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Jaguar Land Rover explains what 3D printing is
The process of 3D printing can appear complex, as it uses a wide variety of machines and materials to create complicated three dimensional structures.
Here at Jaguar Land Rover, we have a group of experts with a vast amount of experience in 3D printing – the Additive Manufacturing team. They are well placed to answer the most commonly asked questions about 3D printing.
What is 3D printing?
3D printing is known in the industry as ‘additive manufacturing’. It is a process of joining materials layer-by-layer based on data from computer assisted design (CAD), and is an alternative to subtractive manufacturing methods such as milling, drilling, turning, eroding, or formative manufacturing methods like injection moulding.
What is 3D printing used for?
3D printing is a flexible technology which allows you to manufacture one-off individual components as well as batches of multiple parts. There are many uses for the technology across the world.
In the medical sector it is used for creating patient-specific implants and customised hearing aids, while a sportswear brand is creating optimised trainer sole geometry to give runners the best support and comfort. These would not be possible using traditional manufacturing methods.
Historically, the automotive industry has used the technology for prototyping, but motorsport and aerospace work with 3D printed parts to help improve performance and efficiency.
At Jaguar Land Rover 3D printing technology has been used to develop prototype parts. Engineering teams can test a printed component and make the changes to the design, before officially using it in production.
The technology is quickly evolving. Jaguar Land Rover is now able to 3D print parts for production cars, with the Jaguar XE SV Project 8 one of the first vehicles to use them. The team has also created a glove that will protect colleagues on the line from musculoskeletal disorders.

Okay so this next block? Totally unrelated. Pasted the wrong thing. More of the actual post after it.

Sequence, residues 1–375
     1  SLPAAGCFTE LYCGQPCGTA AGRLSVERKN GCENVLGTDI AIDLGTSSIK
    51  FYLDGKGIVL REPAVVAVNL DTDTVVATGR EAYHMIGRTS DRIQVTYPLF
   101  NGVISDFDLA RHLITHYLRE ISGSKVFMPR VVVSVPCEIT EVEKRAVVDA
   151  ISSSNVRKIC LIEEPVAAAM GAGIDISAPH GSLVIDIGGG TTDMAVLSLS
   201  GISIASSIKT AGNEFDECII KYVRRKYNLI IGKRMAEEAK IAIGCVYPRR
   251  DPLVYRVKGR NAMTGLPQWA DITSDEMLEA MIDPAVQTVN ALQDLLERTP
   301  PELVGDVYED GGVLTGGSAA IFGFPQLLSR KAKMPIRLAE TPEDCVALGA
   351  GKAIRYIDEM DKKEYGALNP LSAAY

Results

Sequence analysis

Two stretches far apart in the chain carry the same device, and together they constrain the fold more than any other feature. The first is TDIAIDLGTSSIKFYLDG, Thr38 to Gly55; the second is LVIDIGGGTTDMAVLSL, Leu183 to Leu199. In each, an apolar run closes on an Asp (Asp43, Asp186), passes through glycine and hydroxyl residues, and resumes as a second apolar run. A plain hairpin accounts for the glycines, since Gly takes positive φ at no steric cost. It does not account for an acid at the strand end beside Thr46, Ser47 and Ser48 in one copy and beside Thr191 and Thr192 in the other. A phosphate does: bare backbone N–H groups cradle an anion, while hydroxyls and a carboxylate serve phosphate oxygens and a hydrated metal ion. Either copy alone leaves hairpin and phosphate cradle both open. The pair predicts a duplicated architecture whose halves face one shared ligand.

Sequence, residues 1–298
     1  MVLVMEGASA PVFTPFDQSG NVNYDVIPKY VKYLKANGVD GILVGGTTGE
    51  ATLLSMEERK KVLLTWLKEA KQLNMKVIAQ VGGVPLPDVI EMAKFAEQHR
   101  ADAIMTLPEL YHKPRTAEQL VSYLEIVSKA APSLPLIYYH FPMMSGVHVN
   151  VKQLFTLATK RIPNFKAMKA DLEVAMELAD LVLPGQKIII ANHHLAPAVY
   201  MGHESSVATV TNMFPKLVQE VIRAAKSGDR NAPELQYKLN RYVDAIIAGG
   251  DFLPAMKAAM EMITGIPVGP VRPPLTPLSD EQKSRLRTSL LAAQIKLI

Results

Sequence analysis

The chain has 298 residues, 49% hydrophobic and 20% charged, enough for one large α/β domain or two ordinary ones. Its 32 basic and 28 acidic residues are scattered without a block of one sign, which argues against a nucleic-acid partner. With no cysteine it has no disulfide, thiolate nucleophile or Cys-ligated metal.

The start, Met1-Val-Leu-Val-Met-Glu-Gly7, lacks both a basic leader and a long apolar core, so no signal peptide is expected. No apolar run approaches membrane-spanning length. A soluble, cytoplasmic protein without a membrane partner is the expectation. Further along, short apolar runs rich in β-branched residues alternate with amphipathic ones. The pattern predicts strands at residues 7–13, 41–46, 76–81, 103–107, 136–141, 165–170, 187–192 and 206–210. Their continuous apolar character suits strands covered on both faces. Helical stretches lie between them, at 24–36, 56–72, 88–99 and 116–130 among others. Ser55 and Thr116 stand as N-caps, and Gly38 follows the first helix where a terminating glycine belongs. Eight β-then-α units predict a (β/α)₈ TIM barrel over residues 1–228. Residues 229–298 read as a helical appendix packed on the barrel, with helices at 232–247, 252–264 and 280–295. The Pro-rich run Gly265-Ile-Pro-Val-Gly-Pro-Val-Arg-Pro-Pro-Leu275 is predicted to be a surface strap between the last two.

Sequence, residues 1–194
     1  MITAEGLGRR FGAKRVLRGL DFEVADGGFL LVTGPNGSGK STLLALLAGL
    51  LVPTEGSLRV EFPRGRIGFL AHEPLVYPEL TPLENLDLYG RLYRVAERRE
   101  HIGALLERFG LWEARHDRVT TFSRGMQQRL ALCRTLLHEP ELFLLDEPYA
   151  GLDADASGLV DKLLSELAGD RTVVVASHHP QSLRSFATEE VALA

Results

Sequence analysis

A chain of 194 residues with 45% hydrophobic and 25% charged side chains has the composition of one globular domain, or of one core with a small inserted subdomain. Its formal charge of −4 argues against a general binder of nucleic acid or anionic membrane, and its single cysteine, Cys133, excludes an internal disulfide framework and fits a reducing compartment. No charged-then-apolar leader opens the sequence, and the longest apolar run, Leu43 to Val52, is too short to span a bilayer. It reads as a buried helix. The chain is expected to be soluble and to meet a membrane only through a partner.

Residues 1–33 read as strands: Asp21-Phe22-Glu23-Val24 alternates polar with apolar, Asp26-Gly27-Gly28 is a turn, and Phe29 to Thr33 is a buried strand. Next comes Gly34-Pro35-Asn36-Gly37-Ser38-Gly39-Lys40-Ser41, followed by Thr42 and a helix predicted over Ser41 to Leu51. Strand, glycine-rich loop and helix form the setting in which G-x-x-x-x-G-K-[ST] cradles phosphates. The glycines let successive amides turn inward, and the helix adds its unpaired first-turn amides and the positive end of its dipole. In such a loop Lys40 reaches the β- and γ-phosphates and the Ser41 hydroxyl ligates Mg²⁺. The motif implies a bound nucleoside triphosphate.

The Additive Manufacturing team has also been creating small runs of obsolete parts for older cars, such as the third row seat handle for the Land Rover Discovery Series 2.
The freedom of design is allowing Jaguar Land Rover to explore enhanced personalisation and customisation opportunities for its customers.
What things can be 3D printed?
Almost anything, however the most suitable parts are small and complex. Making these through traditional manufacturing practices may not be possible and/or too expensive.
There are many materials available, including polymers, metals, and others such as ceramics. In engineering, 3D printing is increasingly being used for creating silicone mould tools and sand casts from which parts can be economically formed, including large metal components.
What are the main 3D printing technologies?
The American Society for Testing and Materials (ASTM) has acknowledged seven core 3D printing technologies. Jaguar Land Rover’s Additive Manufacturing team has explained them in simple terms.
Powder bed fusion – is the process of using heat to fuse powdered material, either polymer or metal, to form an object. It is relatively affordable and uses engineering grade materials. This technique was used to develop the 3D printed parts on the XE SV Project 8 and the Discovery Series 2’s squab handle.
Material jetting – uses inkjet print heads to eject droplets of material. It is often used by designers to mock-up ideas thanks to its ability to print in full colour.